Half Headstand Pose - Ardh Sirshasan

The Headstand or Sirsasana is known to be one of the most powerful asanas practiced in yoga. However, this is not an easy asana for most as it requires a fair deal of preparation and abdominal strength in order to have the necessary control to perform the pose.

Apart from exercises for strong abs, poses that release the tightness in your hamstrings and build your upper body strength are also essential before you attempt a full headstand.


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Headstand for Better Health

The Half Headstand (Ardha Sirsanas) or Dolphin Pose is an ideal preparatory pose as it strengthens the upper body and other areas needed to perform a full headstand.

Steps :

  1. Begin the pose by sitting in Vajrasana or the Kneeling Pose.
  2. Once comfortable slowly come up on your toes and raise your heels but keep your knees on the floor.
  3. Extend your arms straight out in front of you and bend them at your elbows.
  4. Your forearms should now be resting on the floor in front of your knees.
  5. Interlock your fingers so that your forearms and elbows form an equilateral triangular shape in front of you.
  6. Bend down and place the top of your head right in the front of your interlocked fingers.
  7. Your hands should lightly cup around your head.
  8. Straighten out and lift your knees and lean your body forward so that your head is resting on the floor.
  9. Never turn your head when inverted.
  10. Make sure that there is no pressure on your head but rather that the weight of the body is taken on the arms, back, and shoulders instead.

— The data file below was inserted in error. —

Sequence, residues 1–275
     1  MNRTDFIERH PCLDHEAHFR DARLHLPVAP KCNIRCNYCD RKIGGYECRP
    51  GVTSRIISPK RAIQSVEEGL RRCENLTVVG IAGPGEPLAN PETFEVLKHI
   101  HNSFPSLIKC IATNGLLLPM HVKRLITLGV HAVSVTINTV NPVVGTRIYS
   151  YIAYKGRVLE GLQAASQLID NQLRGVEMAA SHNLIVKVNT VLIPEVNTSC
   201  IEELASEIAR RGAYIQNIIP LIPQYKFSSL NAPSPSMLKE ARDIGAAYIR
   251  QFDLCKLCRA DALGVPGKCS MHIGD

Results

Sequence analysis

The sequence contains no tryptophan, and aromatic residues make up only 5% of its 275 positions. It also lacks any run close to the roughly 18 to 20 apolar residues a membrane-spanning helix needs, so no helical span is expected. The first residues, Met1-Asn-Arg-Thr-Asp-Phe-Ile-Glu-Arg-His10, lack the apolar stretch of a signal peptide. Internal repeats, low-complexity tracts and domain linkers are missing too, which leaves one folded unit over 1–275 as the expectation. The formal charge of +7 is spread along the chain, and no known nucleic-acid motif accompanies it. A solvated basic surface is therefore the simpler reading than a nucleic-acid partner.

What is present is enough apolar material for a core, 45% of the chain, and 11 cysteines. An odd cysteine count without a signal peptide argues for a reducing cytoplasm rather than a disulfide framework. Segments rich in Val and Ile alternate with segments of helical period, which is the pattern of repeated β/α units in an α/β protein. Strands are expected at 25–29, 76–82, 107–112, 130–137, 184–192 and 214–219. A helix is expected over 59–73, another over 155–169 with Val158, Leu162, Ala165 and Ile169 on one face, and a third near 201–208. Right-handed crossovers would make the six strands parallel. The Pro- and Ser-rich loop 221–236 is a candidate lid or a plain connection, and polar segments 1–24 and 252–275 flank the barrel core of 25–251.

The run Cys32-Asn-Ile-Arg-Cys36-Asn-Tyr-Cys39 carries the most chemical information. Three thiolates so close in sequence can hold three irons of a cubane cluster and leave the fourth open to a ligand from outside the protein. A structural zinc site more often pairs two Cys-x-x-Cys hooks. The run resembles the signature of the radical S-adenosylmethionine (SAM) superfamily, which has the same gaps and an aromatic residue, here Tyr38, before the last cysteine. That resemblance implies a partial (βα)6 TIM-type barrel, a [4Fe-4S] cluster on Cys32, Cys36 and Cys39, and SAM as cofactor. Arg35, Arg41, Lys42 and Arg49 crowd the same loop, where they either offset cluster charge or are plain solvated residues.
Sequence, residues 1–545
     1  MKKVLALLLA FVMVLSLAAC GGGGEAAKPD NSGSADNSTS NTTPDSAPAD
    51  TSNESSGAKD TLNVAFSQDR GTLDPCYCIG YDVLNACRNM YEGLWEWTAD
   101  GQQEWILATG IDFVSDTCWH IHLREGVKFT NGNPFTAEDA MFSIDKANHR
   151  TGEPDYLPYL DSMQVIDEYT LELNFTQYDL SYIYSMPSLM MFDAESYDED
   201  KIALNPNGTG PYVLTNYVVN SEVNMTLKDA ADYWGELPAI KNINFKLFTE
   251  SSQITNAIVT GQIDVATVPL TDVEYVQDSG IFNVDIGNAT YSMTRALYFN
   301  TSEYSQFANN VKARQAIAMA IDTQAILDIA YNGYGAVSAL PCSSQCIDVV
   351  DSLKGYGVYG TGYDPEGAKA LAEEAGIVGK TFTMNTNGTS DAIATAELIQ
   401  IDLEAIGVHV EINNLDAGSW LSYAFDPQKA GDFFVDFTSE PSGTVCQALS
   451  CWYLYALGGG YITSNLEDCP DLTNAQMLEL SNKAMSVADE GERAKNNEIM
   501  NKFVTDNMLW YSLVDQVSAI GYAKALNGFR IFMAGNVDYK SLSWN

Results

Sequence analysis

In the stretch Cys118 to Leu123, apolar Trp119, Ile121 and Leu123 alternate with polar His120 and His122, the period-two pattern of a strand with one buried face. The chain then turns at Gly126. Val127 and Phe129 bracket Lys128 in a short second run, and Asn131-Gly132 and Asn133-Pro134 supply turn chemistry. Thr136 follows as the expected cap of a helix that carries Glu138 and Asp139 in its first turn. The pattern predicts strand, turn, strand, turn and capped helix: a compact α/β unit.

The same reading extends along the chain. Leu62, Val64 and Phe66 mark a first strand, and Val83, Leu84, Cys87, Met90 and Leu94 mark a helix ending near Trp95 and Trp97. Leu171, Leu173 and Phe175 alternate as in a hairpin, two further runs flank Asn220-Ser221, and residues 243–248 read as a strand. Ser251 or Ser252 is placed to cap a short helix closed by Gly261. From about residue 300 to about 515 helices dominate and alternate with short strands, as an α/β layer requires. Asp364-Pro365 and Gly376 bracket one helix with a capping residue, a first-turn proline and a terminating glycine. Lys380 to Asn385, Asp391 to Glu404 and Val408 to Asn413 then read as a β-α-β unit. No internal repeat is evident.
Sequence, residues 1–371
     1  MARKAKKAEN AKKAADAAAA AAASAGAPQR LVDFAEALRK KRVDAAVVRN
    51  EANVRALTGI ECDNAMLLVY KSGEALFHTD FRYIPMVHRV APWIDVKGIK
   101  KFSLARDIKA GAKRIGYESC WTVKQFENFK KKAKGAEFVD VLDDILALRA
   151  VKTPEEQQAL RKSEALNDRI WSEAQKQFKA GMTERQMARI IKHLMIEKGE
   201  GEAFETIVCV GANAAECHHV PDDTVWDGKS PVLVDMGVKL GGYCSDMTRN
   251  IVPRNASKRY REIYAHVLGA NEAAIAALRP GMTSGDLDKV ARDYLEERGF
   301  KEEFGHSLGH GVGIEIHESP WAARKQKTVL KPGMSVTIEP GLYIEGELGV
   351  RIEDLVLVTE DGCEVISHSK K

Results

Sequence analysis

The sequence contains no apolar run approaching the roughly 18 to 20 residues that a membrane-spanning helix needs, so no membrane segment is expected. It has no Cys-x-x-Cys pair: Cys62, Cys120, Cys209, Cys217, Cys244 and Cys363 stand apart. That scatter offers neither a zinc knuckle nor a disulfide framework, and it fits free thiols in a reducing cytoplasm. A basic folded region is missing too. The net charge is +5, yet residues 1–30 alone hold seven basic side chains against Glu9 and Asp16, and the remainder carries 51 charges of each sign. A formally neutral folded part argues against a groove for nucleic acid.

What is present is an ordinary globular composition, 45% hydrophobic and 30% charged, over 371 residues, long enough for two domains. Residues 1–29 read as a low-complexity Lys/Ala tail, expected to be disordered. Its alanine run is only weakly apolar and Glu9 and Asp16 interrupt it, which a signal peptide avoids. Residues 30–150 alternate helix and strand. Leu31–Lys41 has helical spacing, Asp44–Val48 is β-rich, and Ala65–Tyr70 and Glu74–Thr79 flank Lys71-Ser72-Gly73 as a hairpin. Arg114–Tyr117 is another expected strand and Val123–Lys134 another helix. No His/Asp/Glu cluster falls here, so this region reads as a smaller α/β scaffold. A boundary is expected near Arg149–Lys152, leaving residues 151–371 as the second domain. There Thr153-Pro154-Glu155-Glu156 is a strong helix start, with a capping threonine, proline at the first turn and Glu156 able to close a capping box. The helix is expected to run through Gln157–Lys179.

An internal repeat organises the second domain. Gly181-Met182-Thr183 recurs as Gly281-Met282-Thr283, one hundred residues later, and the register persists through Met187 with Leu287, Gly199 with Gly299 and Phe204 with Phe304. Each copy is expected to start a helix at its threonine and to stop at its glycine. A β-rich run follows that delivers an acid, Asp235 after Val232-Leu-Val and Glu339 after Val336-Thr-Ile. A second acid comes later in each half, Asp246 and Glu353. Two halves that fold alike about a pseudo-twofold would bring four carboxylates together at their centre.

11. Hold this pose for 30 seconds or more.
  12. Lower the knees to the floor and return to Vajrasana.
  13. Lie down on your back and relax in the Corpse Pose or Shavasana.
  14. Once you have mastered the Half-Headstand, you can move on to Sirsasana or Full Headstand.

Beginner’s Tips :

As a beginner, do not hold the half-headstand pose for more than a few minutes. You can place a folded blanket or yoga mat under your elbows and forearms to reduce the pressure on your head. If you cannot manage the pose at all, try doing the asana against a wall. This makes it easier to balance and raise your hips without any fear of falling over.

Precautions :

It is very important that you take some precautions before actually considering the pose. People who suffer from the following ailments should avoid this posture:

  • Chronic headaches or migraines
  • Neck injury
  • Chronic neck pain
  • Wrist pain or injury
  • Spinal injury
  • Glaucoma
  • Detached retina
  • Conjunctivitis
  • Diarrhea
  • High blood pressure
  • Heart condition
  • Brain disease or brain injury
  • Ear inflammation
  • Near sightedness
  • Asthma
  • Sinusitis
  • Slipped disc
  • Vertigo
  • Obesity